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Incubus returns to its roots

Brian Foy | Thursday, February 5, 2004

A Crow Left of the Murder finds a very different Incubus from their previous effort, 2001’s double platinum Morning View. For starters, founding bassist Dirk Lance left the band over the past summer and was replaced by Ben Kenney, formerly of The Roots. Kenney promised to bring a rejuvenated Incubus into the studio when recording began in October. The boys then decided to record outside their comfort zone of Southern California in favor of the pristine shores of Atlanta, Ga. Finally, the fact that guitarist Mike Einziger was experimenting with new sounds during the past Lollapalooza Tour and invariably brought this new sound into the studio would prove to be the final ingredient in the new Incubus formula.It is evident from the initial track of A Crow Left of the Murder that Incubus will be getting back to louder and angrier roots. The album begins with distortion and seemingly space-age sounds of Incubus’s resident DJ Kilmore. It is from this chaos that Einzinger’s simple guitar work slowly begins to build up with Jose Pasillas’s drums and Brandon Boyd’s now famous trademark croon. The music of the initial track and lead radio single, “Megalomaniac,” appears to come from the same creative mind that produced Incubus’s first album, S.C.I.E.N.C.E. The verse of the song is heavily bass-driven with the guitar coming in and out until it drives the chorus home. It is also clear in the chorus of “Megalomaniac” chorus that Boyd is a much angrier man than the one who belted out tunes such as “Wish You Were Here” and “Drive.” In “Megalomaniac,” Boyd screams: “You’re no Jesus / Yeah you’re no … Elvis.”Upon closer inspection, A Crow Left of the Murder shares qualities with their second release, Make Yourself. The track “Pistola” might very well be the next single off the disc, and at times it seems like it could have been lifted straight from their sophomore effort. The song begins with another clip from DJ Kilmore before fading away to the riff of Einzinger’s guitar and Boyd’s vocals. Once the chorus begins, the introduction clip rejoins as the drums and bass crash in and heighten the already building song that only escalates as Boyd sings “My pen is a pistola.” However, the highlight of the track might very well be the bridge near the end of the song that allows each member of Incubus to showcase what he does best. The timing and musicianship are clear as the bridge feeds into the final verse and chorus.A Crow Left of the Murder is everything that Morning View is not – and everything that it should have been. The former brings Incubus fans full circle as the boys return to their louder distorted roots while expanding their sound to include slower, more mellow songs. The differences in the recording process are clearly for the better and A Crow Left of the Murder is so eclectic that it will appeal to Incubus fans both new and old.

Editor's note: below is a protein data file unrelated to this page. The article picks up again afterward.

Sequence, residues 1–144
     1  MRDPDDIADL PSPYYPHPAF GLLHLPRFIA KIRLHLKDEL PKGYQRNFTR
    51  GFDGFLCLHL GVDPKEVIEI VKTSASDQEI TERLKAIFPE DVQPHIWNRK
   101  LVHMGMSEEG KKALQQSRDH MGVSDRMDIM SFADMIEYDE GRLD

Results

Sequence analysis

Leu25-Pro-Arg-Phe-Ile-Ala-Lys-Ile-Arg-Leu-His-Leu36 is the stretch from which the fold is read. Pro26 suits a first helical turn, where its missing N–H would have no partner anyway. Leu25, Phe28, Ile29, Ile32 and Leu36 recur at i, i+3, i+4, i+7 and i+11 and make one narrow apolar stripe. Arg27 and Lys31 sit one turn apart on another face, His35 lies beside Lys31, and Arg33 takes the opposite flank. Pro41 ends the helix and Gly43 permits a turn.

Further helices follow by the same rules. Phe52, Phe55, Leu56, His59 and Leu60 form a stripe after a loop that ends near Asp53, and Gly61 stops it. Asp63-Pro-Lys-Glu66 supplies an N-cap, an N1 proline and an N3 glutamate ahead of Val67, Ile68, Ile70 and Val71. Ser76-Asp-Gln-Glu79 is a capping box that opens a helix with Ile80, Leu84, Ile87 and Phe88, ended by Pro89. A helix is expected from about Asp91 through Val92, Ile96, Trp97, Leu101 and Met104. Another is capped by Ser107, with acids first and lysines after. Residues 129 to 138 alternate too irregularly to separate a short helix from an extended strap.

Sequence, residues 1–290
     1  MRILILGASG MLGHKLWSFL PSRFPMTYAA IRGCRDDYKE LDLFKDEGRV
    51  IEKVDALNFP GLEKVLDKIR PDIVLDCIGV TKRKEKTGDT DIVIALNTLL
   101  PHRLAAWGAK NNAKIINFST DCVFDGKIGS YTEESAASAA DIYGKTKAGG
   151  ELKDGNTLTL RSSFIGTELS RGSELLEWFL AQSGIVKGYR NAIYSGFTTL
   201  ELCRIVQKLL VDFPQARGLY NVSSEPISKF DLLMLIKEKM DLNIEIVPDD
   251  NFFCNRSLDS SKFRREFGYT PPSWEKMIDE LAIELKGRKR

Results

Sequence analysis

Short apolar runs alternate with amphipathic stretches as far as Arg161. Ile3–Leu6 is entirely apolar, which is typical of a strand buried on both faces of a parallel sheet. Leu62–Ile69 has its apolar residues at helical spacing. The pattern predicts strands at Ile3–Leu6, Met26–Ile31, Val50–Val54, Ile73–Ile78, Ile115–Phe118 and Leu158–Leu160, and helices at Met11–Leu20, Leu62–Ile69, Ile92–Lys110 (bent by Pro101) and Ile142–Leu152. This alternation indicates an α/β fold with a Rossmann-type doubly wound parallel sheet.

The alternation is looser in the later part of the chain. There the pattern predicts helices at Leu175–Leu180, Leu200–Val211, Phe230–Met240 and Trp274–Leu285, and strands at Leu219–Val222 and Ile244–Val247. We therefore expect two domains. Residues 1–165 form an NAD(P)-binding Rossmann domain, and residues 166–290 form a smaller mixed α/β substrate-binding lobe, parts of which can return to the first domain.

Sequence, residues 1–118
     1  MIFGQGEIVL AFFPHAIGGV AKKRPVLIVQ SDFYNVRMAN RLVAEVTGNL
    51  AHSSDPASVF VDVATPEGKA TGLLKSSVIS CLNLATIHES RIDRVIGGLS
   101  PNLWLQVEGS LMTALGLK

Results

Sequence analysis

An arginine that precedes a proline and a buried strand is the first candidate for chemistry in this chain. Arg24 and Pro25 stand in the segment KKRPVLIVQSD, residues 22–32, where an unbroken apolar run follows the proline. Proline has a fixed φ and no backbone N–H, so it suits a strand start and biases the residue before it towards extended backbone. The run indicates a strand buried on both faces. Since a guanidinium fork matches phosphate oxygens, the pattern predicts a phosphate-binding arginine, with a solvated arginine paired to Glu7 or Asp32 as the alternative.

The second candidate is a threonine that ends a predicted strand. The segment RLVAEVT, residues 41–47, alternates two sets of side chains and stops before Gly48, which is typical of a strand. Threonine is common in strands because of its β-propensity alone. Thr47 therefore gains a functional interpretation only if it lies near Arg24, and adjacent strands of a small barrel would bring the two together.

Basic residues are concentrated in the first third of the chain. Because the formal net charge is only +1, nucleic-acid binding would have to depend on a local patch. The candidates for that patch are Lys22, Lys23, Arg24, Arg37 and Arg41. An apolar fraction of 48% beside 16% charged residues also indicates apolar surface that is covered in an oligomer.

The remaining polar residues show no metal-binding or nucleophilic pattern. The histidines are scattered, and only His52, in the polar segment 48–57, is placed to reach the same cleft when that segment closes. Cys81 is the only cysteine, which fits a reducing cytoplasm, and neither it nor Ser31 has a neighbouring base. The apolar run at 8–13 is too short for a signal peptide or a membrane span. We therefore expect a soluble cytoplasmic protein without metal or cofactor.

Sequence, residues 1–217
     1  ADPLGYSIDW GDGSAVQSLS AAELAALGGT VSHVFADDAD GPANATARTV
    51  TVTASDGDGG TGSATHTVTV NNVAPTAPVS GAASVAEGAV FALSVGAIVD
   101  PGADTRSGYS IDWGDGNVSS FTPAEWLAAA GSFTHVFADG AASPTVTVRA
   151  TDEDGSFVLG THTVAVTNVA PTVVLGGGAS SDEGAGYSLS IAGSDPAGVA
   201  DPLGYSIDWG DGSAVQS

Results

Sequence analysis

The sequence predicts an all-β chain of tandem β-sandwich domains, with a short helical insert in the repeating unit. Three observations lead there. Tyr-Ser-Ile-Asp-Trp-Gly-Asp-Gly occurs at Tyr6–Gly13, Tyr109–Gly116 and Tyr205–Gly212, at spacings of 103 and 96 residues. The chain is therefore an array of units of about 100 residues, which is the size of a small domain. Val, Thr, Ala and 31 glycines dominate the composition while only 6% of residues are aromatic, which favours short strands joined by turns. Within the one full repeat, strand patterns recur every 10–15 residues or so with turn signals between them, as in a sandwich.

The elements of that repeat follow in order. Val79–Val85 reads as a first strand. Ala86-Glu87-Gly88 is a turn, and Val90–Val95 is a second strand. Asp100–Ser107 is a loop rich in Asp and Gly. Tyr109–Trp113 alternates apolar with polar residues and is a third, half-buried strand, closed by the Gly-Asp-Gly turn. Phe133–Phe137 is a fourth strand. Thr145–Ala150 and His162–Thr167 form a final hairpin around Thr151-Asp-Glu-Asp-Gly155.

Contact Brian Foy at bfoy@nd.edu